The Marsala, one of the most elegant and complex wines in the world, has seen it all: from its absolute fame in the nineteenth century to the almost total defeat in the sixties and seventies of the last century.
Marsala is a fortified or fortified wine. It means that a base wine is added to brandy or alcohol, concentrated must, cooked must or mistelle.
It was in the early 1970s that the English merchant John Woodhouse, who arrived in Sicily in search of soda, a product much in demand in his country's industry, discovered the quality of Marsala agro wines.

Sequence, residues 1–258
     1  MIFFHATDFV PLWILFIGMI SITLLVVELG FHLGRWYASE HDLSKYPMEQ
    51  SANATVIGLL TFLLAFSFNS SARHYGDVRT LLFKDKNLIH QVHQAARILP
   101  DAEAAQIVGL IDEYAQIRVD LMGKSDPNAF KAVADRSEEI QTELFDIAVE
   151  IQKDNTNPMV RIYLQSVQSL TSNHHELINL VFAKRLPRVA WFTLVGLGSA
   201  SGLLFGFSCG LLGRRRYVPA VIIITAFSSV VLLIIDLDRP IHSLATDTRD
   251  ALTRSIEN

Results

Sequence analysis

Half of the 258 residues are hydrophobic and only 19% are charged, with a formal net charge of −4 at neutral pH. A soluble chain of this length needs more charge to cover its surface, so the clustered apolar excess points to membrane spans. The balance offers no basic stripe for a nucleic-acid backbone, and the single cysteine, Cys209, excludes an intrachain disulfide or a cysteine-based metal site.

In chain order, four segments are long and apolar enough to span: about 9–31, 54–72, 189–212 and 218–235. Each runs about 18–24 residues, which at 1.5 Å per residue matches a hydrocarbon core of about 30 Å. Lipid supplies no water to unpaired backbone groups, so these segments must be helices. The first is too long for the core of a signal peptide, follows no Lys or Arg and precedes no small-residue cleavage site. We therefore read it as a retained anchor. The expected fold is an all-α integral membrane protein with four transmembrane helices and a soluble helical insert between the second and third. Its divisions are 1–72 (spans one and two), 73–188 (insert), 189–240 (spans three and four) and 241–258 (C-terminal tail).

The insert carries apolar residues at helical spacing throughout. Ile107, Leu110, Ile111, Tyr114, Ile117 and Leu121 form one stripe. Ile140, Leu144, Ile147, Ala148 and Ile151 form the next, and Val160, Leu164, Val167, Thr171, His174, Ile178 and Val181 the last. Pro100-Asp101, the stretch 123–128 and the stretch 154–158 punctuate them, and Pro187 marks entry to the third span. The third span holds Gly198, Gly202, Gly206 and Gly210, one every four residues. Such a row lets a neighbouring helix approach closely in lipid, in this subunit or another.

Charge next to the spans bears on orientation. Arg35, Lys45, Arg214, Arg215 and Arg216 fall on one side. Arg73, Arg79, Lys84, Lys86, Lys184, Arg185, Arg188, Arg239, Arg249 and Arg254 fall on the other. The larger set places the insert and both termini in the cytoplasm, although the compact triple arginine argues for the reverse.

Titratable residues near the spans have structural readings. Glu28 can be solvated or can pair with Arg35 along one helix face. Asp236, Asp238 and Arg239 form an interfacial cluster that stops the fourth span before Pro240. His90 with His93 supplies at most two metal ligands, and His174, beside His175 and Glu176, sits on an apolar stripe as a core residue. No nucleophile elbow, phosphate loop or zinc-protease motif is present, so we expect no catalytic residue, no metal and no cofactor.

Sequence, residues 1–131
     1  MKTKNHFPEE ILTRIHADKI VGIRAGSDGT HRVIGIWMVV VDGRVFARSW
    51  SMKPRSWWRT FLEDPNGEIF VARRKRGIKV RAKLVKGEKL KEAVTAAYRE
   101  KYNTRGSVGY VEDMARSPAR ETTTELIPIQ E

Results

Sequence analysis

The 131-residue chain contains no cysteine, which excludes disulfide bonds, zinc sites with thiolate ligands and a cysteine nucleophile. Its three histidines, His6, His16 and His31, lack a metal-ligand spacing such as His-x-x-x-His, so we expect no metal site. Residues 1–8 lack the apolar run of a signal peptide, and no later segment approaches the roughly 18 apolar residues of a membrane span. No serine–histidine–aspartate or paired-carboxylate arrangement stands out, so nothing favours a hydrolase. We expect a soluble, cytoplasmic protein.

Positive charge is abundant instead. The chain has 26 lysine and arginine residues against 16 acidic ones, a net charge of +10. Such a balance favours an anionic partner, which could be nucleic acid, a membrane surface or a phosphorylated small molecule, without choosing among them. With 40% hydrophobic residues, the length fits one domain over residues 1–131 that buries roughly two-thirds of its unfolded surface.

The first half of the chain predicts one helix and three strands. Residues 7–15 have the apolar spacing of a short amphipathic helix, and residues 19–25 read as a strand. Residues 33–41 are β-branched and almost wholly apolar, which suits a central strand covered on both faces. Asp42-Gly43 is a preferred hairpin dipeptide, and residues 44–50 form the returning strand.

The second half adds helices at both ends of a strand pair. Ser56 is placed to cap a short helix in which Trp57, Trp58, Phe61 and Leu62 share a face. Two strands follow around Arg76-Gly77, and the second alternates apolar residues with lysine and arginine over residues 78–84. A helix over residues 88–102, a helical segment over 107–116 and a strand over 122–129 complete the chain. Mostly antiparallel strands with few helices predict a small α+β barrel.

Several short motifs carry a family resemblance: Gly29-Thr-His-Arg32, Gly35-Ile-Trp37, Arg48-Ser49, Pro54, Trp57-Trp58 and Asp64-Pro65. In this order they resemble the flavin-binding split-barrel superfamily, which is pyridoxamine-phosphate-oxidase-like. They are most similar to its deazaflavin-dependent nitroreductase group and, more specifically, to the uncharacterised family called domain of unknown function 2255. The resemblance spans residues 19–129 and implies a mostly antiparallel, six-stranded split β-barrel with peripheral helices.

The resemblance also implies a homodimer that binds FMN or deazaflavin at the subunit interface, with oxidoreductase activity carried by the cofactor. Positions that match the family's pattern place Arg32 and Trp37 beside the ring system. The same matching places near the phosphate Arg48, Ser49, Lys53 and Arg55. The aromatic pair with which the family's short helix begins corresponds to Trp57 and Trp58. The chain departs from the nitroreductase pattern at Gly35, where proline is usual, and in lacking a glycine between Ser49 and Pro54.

Thus was born the first Italian industrial-style wine, conceived from the outset as a consumer product for a market that was already largely globalized by the British Empire.
Other wine entrepreneurs will follow his example, including Benjamin Ingham, Vincenzo Florio and Paolo Pellegrino.
Since 1984 the specification of Marsala DOC restricts the production area to the province of Trapani only, except for the municipality of Alcamo and the islands of Pantelleria and Favignana.